Alternate Protocol 1: Histochemistry for Cytochrome Oxidase (CO)

  • Cytochrome oxidase (CO) solution (see recipe)
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Figures

Videos

Literature Cited

Literature Cited
   Berod, A., Hartman, B.K., and Pujol, J.F. 1981. Importance of fixation in immunohistochemistry: Use of formaldehyde solutions at variable pH for the localization of tyrosine hydroxylase. J. Histochem. Cytochem. 29:844‐850.
   Chang, Y.C. and Gottlieb, D.I. 1988. Characterization of the proteins purified with monoclonal antibodies to glutamic acid decarboxylase. J. Neurosci. 8:2123‐2130.
   Dienel, G.A., Cruz, N.F., and Sokoloff, L. 1993. Metabolites of 2‐deoxy‐[14C]glucose in plasma and brain: Influence on rate of glucose utilization determined with deoxyglucose method in rat brain. J. Cereb. Blood Flow Metab. 13:315‐327.
   Durham, D., Woolsey, T.A., and Kruger, L. 1981. Cellular localization of 2‐[3H]deoxy‐D‐glucose from paraffin‐embedded brains. J. Neurosci. 1:519‐526.
   Kelly, P.A. and McCulloch, J. 1983. A potential error in modifications of the [14C]2‐deoxyglucose technique. Brain Res. 260:172‐177.
   McCasland, J.S. 1996. Metabolic activity in antigenically identified neurons: A double labeling method for high‐resolution 2‐deoxyglucose and immunohistochemistry. J. Neurosci. Methods. 68:113‐123.
   McCasland, J.S. and Hibbard, L.S. 1997. GABAergic neurons in barrel cortex show strong, whisker‐dependent metabolic activation during normal behavior. J. Neurosci. 17:5509‐5527.
   McCasland, J.S. and Woolsey, T.A. 1988a. New high‐resolution 2‐deoxyglucose method featuring double labeling and automated data collection. J. Comp. Neurol. 278:543‐554.
   McCasland, J.S. and Woolsey, T.A. 1988b. High‐resolution 2‐deoxyglucose mapping of functional cortical columns in mouse barrel cortex. J. Comp. Neurol. 278:555‐569.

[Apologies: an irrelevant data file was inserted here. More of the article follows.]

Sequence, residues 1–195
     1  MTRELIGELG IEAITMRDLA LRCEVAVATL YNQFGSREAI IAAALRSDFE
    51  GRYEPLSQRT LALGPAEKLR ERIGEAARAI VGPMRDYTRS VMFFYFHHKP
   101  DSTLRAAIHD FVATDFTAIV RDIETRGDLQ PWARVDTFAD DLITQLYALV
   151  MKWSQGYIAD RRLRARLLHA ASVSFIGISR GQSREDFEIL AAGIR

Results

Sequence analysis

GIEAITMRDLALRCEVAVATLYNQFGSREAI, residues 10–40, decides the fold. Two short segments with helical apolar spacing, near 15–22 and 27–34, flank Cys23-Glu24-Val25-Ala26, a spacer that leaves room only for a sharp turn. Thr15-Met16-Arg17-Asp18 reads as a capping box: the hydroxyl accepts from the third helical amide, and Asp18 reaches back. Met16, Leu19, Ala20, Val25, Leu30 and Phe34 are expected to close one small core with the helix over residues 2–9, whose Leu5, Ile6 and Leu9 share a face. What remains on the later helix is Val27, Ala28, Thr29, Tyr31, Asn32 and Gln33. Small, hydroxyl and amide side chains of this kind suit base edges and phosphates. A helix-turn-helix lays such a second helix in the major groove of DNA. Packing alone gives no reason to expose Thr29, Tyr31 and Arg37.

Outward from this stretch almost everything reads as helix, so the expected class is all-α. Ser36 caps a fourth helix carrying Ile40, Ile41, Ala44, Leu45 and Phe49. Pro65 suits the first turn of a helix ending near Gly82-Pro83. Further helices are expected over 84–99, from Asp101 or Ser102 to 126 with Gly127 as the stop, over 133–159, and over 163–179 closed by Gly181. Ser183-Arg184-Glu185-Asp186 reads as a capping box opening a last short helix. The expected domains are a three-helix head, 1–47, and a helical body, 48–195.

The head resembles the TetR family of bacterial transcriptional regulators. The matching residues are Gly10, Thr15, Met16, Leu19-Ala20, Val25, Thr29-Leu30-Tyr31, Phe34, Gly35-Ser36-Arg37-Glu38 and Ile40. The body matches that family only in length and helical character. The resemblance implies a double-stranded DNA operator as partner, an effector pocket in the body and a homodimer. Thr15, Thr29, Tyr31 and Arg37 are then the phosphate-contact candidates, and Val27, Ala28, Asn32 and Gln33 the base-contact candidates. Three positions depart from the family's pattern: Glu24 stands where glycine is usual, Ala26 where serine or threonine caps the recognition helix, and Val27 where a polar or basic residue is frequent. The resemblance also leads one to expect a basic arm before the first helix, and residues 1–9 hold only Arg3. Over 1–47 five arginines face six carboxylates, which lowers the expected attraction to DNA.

McCasland, J.S., Carvell, G.E., Simons, D.J., and Woolsey, T.A. 1991. Functional asymmetries in the rodent barrel cortex. Somatosens Mot. Res. 8:111‐116.
   Miao, F.J. and Lee, T.J. 1990. Cholinergic and VIPergic innervation in cerebral arteries: A sequential double‐labeling immunohistochemical study. J. Cereb. Blood Flow Metab. 10:32‐37.
   Mori, K., Schmidt, K., Jay, T., Palombo, E., Nelson, T., Lucignani, G., Pettigrew, K., Kennedy, C., and Sokoloff, L. 1990. Optimal duration of experimental period in measurement of local cerebral glucose utilization with the deoxyglucose method. J. Neurochem. 54:307‐319.
   Nelson, S.R., Schulz, D.W., Passonneau, J.V., and Lowry, O.H. 1968. Control of glycogen levels in brain. J. Neurochem. 15:1271‐1279.
   Nie, F. and Wong‐Riley, M.T. 1995. Double labeling of GABA and cytochrome oxidase in the macaque visual cortex: quantitative EM analysis. J. Comp. Neurochem. 15:115‐131.
   Sokoloff, L., Reivich, M., Kennedy, C., Des Rosiers, M.H., Patlak, C.S., Pettigrew, K.D., Sakurada, O., and Shinohara, M. 1977. The [14C]deoxyglucose method for the measurement of local cerebral glucose utilization: Theory, procedure, and normal values in the conscious and anesthetized albino rat. J. Neurochem. 28:897‐916.
   Yokoyama, W.M. 1991. Monoclonal antibody supernatant and ascites fluid production. In Current Protocols in Immunology (J.E. Coligan, A.M. Kruisbeek, D.H. Margulies, E.M. Shevach, and W. Strober, eds.) pp. 2.6.1‐2.6.7. John Wiley & Sons, New York.
Key References
  McCasland, 1996. See above.
  Provides more background information on the technique and additional examples of the labeling patterns obtained.
  McCasland and Hibbard, 1997. See above.
  Illustrates some computational strategies that can be applied to collecting and displaying data from the technique.